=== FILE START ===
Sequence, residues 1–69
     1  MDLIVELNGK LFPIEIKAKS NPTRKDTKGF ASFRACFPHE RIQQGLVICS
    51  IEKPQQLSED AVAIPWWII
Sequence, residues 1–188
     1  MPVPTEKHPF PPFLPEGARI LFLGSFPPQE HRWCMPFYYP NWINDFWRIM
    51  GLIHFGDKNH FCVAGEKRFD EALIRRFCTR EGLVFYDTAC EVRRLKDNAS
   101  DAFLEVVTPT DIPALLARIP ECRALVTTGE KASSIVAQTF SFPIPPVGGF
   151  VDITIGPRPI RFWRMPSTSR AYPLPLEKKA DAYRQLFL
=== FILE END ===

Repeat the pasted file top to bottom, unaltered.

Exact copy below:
Sequence, residues 1–69
     1  MDLIVELNGK LFPIEIKAKS NPTRKDTKGF ASFRACFPHE RIQQGLVICS
    51  IEKPQQLSED AVAIPWWII
Sequence, residues 1–188
     1  MPVPTEKHPF PPFLPEGARI LFLGSFPPQE HRWCMPFYYP NWINDFWRIM
    51  GLIHFGDKNH FCVAGEKRFD EALIRRFCTR EGLVFYDTAC EVRRLKDNAS
   101  DAFLEVVTPT DIPALLARIP ECRALVTTGE KASSIVAQTF SFPIPPVGGF
   151  VDITIGPRPI RFWRMPSTSR AYPLPLEKKA DAYRQLFL